Confession… I’m colorblind. And before you ask, no, I don’t just see in black and white like a dog or a shark or something. I see colors, just not the same ones everyone else sees. Or so I’ve been told. It hasn’t really been a big problem, except for those middle school geography tests that asked questions like, “name the country in red?” Those would always bring on a mini-crisis mode while I nervously stared at three different countries that looked like they might be red. It was pretty traumatic for an introvert kid that didn’t want to raise his hand and ask for help.
But, thankfully, no one pulls out the color-coded maps on me anymore. So, I’ve adjusted quite well to life as a color-challenged adult. Ironically, I’ve had quite a bit of success as a graphic designer. Apparently, knowing exactly what everyone else sees when they look at your art, isn’t a prerequisite to making great art. It has its challenges, but I ‘ve learned a few things along the way. Like, I know I’ve got to run my colors by someone with fully functional eyes to know if they actually look like what I think they look like. Erin’s pretty used to it by now. It usually goes something like this:
Me – What do you think about the blue here?
Her – You mean that purple.
Me – Uh…what would you think of it if it was blue. Would that work with that orange?
Her – What orange?
Me – That one (pointing confidently).
Her – That’s not orange, it’s a light brown.
You get the idea. It’s a fun game we play.
Last year, I found out about these color-blindness correcting glasses. There’s a bunch of videos on YouTube with people putting them on for the first time and freaking out about how green the grass is or breaking down in tears about the color purple. I watched them enviously. I want to see purple… like, real purple.
Fast-forward a while – Erin gets a few people to chip in and gets me the money to buy the glasses for my birthday. Woo-hoo! I had to take some online tests to see what kind of glasses I need. I have red-green color blindness which means that my red cones are not receiving enough red, and my green cones are over-compensating by pouring excessive green into whatever I’m seeing. At least, that what the internet seemed to say about it. Anyway, the glasses are supposed to correct it by screening out certain color ranges and letting in more light from others.
A couple weeks later, after much anticipation, the big day came. The glasses had arrived. I open the box and pulled out the vibrant colored balloons that they give you to check out after you put them on. I pulled out the case and held them in my hands and felt…nervous???
Enter the conversation in my head :
Assertive voice in my head -“Why are you scared bro? Don’t you want to see color?”
Slightly less assertive voice in my head – “I don’t know? I always felt like I was seeing color. I’ve never seen any different. What if it looks really different? What if I don’t like it? Even worse, what if I do like it and I realize what I’ve been missing out on and then I know that I can never actually experience it unless I’m wearing these stupid sunglasses. Assertive voice in my head, do you know how much of a tool we would look like if we were wearing sunglasses around indoors everywhere? We can’t be that guy?!?!?!”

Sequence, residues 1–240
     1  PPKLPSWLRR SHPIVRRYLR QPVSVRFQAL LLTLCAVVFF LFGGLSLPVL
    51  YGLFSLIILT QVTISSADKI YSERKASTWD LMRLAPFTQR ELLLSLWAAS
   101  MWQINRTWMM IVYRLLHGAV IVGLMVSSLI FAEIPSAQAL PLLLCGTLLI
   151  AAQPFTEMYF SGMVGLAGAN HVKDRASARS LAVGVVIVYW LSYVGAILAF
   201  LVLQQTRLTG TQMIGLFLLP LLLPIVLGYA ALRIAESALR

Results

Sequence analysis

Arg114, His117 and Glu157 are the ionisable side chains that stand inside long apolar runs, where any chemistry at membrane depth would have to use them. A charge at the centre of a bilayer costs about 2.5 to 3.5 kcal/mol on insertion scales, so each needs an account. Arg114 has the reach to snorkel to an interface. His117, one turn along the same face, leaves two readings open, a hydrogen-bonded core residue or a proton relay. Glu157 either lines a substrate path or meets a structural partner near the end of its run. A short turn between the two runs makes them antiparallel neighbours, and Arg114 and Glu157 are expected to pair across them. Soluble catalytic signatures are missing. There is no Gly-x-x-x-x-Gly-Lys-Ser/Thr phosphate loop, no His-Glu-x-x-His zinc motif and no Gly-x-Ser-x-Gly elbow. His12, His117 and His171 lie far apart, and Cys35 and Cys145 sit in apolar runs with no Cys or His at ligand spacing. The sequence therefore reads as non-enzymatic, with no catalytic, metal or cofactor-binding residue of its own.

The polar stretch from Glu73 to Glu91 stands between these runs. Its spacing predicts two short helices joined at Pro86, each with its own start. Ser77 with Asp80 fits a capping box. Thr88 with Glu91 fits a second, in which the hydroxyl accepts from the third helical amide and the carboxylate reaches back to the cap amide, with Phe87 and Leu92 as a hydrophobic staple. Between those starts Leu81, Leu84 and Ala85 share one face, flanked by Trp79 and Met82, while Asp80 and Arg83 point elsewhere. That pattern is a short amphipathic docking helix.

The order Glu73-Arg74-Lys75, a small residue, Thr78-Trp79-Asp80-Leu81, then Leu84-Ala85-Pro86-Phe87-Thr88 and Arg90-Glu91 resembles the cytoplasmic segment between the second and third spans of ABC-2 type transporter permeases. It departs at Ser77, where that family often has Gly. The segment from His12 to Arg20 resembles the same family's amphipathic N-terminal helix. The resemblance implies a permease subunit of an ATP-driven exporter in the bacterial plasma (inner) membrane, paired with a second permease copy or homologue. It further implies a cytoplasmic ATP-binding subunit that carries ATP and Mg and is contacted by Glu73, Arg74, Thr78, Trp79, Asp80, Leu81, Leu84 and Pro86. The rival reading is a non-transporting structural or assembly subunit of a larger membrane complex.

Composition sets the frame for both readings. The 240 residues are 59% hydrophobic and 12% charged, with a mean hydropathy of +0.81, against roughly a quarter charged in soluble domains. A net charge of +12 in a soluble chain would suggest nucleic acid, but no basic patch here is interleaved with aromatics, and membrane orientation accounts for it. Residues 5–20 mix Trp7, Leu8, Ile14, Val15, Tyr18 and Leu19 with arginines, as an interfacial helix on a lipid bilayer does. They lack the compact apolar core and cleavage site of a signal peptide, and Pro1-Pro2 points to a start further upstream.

But, we blew up the balloons anyway, and the family gathered around and I put on the glasses…
Everything looked roughly the same but darker. Like I had sunglasses on indoors… because I did.
It turns out the glasses don’t work for everyone. And even for the lucky ones that they do work for, they usually don’t work right away. It usually takes hours or even days for your brain to adjust to the signals it is receiving. The company told me to give it a week. A week of wearing sunglasses indoors (like a tool) for a few hours a day to see if it starts to get better.
It never got better. And to be honest, I was only a little disappointed. The slightly less assertive voice in my head was relieved.
The whole experience was actually strangely familiar. I’ve walked through those feelings before, not because of magical color glasses, but because I had come face to face with something that challenged one of my unspoken assumptions. Something I had always believed to be true about the world, about myself, or about faith, but had never thought critically about.
Exploring new ideas takes discipline and bravery. Discipline, because you need to actually take the time to investigate things all the way through and not simply change your view because of one challenging thought. And bravery, because once you know things are different from what you’ve thought, you can’t un-know it. You can’t unsee what you’ve seen. You must either move forward making changes because of this new knowledge or you can choose ignorance and pretend you just don’t know. But that can only work for so long. You’ve taken Morpheus’ red pill. You’ve peeked behind the curtain and seen that the wizard is merely a man. You’ve seen the color purple for the first time and know that whatever you saw before was less-than-purple.
That’s the danger of learning, of poking the box, of challenging assumptions you’ve always taken for granted. That’s probably why most people don’t do it. It seems easier to live in the colors you’re used to, even if you know they’re not quite as vibrant as they could be.
Any other colorblind folks out there? Make your presence known. We can start a club! We’ll get together, watch black and white movies and talk about how cool orange probably looks.